The fMRI of Sting must have been of great interest to Dr. Daniel Levitin, musician turned neuroscientist. In a documentary "The Musical Brain" on January 31, Levitin and others explore the brain on music, looking at how the brain shapes music and how music shapes the brain. For this documentary, Sting underwent an fMRI and viewers of the show will see how music affects his brain.
Dr. Levitin designed four MRI tests for Sting. From "The king of 'brain'" (St. Catharines Standard):
In the first test, Levitin asked Sting to imagine a favourite melody. Even though there was no music playing, his toes moved to some inaudible beat.
Says [documentary writer and director Christina] Pochmursky: "We respond to imagined music the same way as we respond to music we hear."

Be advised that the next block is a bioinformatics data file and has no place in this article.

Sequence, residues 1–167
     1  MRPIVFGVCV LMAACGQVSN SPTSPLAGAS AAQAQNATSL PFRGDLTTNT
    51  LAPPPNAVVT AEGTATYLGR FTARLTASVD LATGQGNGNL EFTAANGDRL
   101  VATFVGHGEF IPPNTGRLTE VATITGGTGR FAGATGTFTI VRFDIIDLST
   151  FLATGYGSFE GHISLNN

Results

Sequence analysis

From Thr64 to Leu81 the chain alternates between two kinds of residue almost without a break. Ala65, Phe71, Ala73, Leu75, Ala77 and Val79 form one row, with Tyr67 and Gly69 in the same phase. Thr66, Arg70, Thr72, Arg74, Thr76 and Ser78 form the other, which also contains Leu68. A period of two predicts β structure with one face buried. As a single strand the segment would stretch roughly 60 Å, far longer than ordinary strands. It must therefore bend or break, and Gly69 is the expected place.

The second test involved listening to different genres of music. Tango. Jazz. Classical. Even Muzak. Levitin mapped the response of Sting's brain.
Seems the only genre that prompted a different brain reaction was Muzak. It was, quite simply, too boring for his brain.
"The brain is like a kitten," says Pochmursky. "It's always curious. It always wants something it's never seen before. Then it perks right up."
In the final test, Levitin asked Sting to compose a melody he's never thought of before. Inside the MRI, Sting hums the beginnings of a song as his brain activity is recorded.
Unfortunately it looks as if you will not be able to see this documentary unless you are in Canada. Know of any way those of us outside Canada can view it? I would be happy to be wrong.
Note (added January 27, 2009, 8:30 AM Mountain): Good news! Received this from Dr. Levitin this morning:
The documentary debuts in Canada this Saturday, but broadcast in the rest of the world has been sold. You'll be able to see it in Europe on National Geographic television and in the US on PBS, both before summer. It should also be available for sale on DVD eventually.
Image credit: BBC.